Forest Service acquires sensitive land at Homewood
The U.S. Forest Service announced Tuesday it has bought 284 acres on the West Shore.
The land had been an undeveloped part of the privately owned Homewood Mountain Resort, but not part of its ski facility.
The property cost $9.84 million and includes a portion of the Madden Creek watershed, considered environmentally sensitive because it contains several springs and four streams that empty into Lake Tahoe, according to Gary Weigel, lands and minerals program manager for the Forest Service Lake Tahoe Basin Management Unit.
“The owner had some options of developing it into estate home sites,” Weigel said. “The Forest Service did not want to see the property developed.”
The agency began work on the land deal in 2002 and finalized it Oct. 30, 2003. Under Forest Service management, the property will not be developed, is open to the public and available for non-motorized recreation.
The purchase also allowed for a consolidation of national forest land to the north and the west of Homewood Mountain Resort, which eases management of things like public access and forest fuels treatment, Weigel said.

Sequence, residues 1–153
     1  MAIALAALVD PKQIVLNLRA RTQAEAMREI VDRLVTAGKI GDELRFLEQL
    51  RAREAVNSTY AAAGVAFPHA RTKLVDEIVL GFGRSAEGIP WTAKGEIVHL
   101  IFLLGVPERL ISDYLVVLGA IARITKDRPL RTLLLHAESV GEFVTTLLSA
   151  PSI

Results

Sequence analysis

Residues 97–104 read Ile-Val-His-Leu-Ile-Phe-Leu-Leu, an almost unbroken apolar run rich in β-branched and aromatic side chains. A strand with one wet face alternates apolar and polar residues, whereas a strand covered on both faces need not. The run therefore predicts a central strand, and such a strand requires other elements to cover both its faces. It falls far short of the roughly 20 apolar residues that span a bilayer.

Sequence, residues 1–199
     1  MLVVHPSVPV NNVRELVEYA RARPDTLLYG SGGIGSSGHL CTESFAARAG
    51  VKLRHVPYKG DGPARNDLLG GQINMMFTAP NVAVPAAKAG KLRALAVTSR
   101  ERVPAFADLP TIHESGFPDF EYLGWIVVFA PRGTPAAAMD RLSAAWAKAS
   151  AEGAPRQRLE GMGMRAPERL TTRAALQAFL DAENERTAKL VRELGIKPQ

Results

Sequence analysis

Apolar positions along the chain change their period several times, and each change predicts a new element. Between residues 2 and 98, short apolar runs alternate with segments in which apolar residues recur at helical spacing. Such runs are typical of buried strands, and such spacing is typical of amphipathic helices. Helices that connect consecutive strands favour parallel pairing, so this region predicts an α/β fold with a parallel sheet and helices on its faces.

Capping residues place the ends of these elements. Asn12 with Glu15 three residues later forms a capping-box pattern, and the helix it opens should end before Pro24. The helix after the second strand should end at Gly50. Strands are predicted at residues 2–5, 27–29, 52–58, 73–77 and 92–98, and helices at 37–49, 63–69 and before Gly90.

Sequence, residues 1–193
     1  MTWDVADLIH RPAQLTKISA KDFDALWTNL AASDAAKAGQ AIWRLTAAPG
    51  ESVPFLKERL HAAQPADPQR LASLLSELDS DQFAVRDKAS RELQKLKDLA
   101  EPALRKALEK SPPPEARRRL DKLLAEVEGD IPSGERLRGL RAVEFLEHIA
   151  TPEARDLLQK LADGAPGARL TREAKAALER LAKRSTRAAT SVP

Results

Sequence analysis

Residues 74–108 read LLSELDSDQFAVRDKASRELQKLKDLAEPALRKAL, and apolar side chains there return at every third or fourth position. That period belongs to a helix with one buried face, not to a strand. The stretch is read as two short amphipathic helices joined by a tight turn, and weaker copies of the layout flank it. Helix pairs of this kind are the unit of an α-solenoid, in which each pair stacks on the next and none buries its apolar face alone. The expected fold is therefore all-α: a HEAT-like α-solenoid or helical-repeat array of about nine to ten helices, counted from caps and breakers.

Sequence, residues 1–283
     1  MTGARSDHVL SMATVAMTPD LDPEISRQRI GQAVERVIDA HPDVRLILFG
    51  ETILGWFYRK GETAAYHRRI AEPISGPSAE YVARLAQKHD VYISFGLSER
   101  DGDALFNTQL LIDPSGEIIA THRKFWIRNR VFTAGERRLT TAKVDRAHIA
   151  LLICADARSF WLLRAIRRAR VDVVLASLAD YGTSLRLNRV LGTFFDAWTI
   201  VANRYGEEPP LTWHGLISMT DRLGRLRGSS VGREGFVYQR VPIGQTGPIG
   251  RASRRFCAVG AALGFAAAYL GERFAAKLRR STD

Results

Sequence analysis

The public owns approximately 80 percent of the land in the basin or 160,475 acres through the Forest Service. Including the surface of the lake, the basin contains 300,000 acres.
Money to buy the 284 acres next to Homewood Mountain Resort was generated by the Santini-Burton Act. It allows proceeds from the sale of federal land outside of Las Vegas to go toward the purchase of sensitive land in the basin.
Since the act became law in 1980, the agency has acquired more than 3,500 parcels valued at $130 million. Right now the Forest Service is working on deals to acquire seven lots in South Lake Tahoe. The lots cover a total of 2.24 acres.
One of the largest Forest Service purchases occurred in February 2003. It spent $29.5 million to buy nearly 1,800 acres between Heavenly Mountain Resort and Freel Peak. The agency bought the land, called High Meadow, from the Giovacchinis, a ranching family living in the Carson Valley.
– Gregory Crofton can be reached at (530) 542-8045 or by e-mail at firstname.lastname@example.org